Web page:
What GAO Found
The Departments of Health and Human Services (HHS), Veterans Affairs (VA), and Defense (DOD) administer programs that include preventive health activities such as health screenings and education campaigns, but the departments reported that they do not track department-wide spending on these activities. Departments reported that determining such spending is challenging because these activities can be integrated with other health activities. For fiscal year 2011, the departments provided to GAO a mix of information related to spending for preventive health activities, and noted limitations. These limitations included incomplete estimates, estimates that included activities that were prevention-related but not specifically for clinical preventive services or community-oriented preventive health activities, and estimates that represented funding--not spending--information. Funding estimates represent amounts available to the departments at a particular time, but not necessarily actual spending. For fiscal year 2011, HHS combined estimates of spending for prevention for one agency with estimates of funding for nine other HHS agencies for a total of about $24 billion; however, the estimate did not include the Centers for Medicare & Medicaid Services, which oversees health coverage programs for over 100 million individuals. VA and DOD estimated that, for example, fiscal year 2011 spending for clinical preventive services was about $576 million and $1 billion, respectively.
Researchers, reports, and articles have indicated that some preventive health activities may result in cost savings--that is, the costs averted, such as medical costs to treat a disease or condition, exceed the cost of implementing it--and a number of preventive health activities, while not necessarily cost saving, may be cost-effective--that is, the activity provides good value at low cost relative to alternative activities. For example, according to one report that synthesized the results of three reviews, two clinical preventive services--counseling on the use of low-dose aspirin to reduce coronary heart disease and childhood immunizations--were considered to be cost saving. Researchers noted, however, that estimates of cost savings or cost-effectiveness are affected by multiple factors, such as how an activity is targeted. In addition, Centers for Disease Control and Prevention officials and others reported that a lack of key data may affect estimates of cost savings or cost-effectiveness and reported taking steps toward improving available information.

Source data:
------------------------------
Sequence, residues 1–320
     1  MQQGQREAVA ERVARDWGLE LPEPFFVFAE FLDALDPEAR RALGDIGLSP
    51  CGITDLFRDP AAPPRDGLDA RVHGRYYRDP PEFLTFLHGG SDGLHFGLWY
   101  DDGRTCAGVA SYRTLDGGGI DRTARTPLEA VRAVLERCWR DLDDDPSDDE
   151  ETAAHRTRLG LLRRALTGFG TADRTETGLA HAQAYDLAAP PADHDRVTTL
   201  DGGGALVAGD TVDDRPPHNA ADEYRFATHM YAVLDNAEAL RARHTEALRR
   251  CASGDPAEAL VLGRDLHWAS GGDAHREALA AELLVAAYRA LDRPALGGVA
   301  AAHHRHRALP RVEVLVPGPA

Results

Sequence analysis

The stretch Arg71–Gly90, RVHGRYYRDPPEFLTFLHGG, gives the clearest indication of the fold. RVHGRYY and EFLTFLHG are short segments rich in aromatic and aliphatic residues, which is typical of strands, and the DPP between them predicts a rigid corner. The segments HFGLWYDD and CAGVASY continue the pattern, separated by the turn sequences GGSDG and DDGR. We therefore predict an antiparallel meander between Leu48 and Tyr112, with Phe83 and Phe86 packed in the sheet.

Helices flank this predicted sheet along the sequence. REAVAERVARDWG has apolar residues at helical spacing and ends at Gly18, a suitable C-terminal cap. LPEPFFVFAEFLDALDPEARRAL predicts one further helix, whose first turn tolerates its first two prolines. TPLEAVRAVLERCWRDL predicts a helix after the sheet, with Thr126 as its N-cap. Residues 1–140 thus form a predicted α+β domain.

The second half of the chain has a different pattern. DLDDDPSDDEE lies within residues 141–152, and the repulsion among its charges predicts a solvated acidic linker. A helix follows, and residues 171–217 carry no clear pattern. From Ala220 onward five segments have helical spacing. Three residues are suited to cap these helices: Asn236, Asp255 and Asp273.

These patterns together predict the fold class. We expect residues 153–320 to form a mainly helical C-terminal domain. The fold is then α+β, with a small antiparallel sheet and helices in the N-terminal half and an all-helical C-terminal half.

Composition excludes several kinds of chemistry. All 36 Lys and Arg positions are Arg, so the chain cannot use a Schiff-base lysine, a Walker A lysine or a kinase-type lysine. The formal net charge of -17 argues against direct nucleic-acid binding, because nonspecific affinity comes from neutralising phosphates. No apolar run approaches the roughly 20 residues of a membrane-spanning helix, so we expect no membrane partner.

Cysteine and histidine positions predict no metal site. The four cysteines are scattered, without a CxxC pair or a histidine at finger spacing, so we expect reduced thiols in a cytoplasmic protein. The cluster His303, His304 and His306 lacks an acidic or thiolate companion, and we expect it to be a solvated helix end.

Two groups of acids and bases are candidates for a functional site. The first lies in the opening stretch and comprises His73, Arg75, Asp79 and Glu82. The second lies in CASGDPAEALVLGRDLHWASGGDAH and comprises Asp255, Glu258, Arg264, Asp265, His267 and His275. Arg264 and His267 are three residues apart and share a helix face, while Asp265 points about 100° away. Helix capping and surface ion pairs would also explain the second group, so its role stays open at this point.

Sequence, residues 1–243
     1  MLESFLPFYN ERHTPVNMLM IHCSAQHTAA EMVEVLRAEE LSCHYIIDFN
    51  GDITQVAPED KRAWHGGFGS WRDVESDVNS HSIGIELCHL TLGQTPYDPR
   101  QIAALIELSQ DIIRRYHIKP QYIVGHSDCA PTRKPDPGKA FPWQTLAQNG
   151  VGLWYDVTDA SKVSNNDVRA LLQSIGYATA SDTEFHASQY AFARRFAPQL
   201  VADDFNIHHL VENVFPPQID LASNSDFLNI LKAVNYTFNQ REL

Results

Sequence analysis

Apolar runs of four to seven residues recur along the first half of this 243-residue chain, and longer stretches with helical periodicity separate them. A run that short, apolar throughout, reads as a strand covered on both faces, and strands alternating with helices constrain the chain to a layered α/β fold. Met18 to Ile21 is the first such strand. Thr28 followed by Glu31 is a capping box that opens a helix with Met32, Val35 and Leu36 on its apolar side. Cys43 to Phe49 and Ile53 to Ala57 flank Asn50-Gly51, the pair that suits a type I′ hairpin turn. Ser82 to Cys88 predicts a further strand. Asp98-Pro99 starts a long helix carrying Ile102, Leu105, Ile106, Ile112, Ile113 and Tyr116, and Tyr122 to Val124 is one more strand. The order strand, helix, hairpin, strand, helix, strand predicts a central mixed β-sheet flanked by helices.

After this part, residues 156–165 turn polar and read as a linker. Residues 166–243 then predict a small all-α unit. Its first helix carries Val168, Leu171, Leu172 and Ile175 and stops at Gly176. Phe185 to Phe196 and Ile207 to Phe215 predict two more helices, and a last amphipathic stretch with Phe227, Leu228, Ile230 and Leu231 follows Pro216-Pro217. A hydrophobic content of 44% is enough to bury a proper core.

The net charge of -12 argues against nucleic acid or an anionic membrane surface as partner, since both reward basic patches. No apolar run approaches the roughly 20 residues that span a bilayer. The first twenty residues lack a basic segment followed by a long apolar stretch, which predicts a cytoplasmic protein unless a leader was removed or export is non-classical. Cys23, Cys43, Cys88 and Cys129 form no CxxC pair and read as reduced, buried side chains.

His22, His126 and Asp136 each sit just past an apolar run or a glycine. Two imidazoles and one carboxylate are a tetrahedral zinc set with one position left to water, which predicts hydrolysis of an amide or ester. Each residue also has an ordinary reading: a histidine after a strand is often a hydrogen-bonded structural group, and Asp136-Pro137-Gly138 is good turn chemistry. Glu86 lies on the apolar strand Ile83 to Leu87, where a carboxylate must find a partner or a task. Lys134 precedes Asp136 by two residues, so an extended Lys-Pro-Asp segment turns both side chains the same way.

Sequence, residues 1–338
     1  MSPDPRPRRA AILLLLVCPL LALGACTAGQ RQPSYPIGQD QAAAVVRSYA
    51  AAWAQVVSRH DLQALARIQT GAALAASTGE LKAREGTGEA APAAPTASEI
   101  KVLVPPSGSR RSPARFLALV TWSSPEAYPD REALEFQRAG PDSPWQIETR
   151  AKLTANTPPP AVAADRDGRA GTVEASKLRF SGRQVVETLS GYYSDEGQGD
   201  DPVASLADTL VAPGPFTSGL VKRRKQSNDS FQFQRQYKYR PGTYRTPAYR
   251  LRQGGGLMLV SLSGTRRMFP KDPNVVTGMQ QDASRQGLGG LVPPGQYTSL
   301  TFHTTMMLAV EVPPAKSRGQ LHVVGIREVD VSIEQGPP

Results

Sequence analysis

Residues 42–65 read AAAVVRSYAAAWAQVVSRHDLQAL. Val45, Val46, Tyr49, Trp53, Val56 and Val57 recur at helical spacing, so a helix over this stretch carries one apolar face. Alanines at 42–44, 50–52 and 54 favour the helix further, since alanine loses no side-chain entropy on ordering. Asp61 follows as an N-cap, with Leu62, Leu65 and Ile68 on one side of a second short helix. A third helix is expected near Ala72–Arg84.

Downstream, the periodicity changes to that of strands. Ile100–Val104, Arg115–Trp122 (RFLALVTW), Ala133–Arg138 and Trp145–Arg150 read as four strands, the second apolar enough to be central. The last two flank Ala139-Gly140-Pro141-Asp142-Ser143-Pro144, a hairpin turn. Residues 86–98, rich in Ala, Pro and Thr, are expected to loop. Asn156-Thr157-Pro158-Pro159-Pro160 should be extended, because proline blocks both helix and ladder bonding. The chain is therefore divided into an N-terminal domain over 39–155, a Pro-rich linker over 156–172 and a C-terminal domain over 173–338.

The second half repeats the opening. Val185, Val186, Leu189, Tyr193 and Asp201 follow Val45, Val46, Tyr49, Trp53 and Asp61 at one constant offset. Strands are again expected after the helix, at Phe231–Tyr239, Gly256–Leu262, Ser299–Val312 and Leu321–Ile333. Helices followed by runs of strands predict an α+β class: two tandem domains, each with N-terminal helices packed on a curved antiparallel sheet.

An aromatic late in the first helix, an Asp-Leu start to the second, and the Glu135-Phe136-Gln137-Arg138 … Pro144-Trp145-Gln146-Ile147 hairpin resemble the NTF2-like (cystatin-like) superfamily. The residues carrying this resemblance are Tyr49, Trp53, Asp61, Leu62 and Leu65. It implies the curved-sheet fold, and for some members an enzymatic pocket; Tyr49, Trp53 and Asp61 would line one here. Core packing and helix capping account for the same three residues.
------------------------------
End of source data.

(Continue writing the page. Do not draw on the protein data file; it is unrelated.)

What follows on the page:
Data for international comparisons of countries' spending specifically for preventive health activities are not available. Instead, data available from the Organization for Economic Co-operation and Development (OECD) combine spending on certain preventive health activities--including community-oriented preventive health activities, such as vaccination programs--with spending on other public health activities, such as disease surveillance. On the basis of these data, the United States ranked 8th among 23 OECD member countries in the percentage of total health care spending reported for prevention and public health services. However, these data have limitations. For example, they do not include U.S. spending for preventive services provided in physicians' offices or hospitals in the public and private sectors.
Why GAO Did This Study
Preventive health activities have received attention for their potential to improve health outcomes or lower health care expenditures. While there is no widespread agreement on what constitutes preventive health activities, in this report they include clinical preventive services, such as immunizations provided in clinical settings, and community-oriented preventive health activities, such as health education media campaigns. A preventive health activity is considered cost saving if the activity costs less than the costs averted by it; an activity is cost-effective if it achieves benefits in a less costly way than alternatives. HHS, VA, and DOD administer programs that include preventive health activities.
GAO was asked to report on preventive health activities. This report provides available information and discusses the limitations of this information regarding (1) preventive health activities in programs administered by HHS, VA, and DOD and the departments spending on such activities; (2) reported cost savings from and cost effectiveness of preventive health activities; and (3) U.S. spending on preventive health activities compared to that of other countries.
GAO reviewed documents from HHS, VA, and DOD; interviewed officials from those departments and researchers; conducted a literature review; and reviewed OECD data on national health spending.
HHS and VA provided technical comments on a draft of this report, which were incorporated as appropriate.
For more information, contact Katherine Iritani at (202) 512-7114 or firstname.lastname@example.org.